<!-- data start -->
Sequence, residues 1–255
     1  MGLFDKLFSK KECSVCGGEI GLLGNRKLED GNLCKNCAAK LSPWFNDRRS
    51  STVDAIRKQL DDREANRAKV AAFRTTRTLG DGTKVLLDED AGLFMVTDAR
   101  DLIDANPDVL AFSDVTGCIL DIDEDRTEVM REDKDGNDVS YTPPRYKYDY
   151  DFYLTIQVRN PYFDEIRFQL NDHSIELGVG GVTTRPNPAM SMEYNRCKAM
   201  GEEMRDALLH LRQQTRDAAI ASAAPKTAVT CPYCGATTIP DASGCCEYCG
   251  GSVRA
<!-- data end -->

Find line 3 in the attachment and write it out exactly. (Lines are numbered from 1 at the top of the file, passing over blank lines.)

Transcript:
    51  STVDAIRKQL DDREANRAKV AAFRTTRTLG DGTKVLLDED AGLFMVTDAR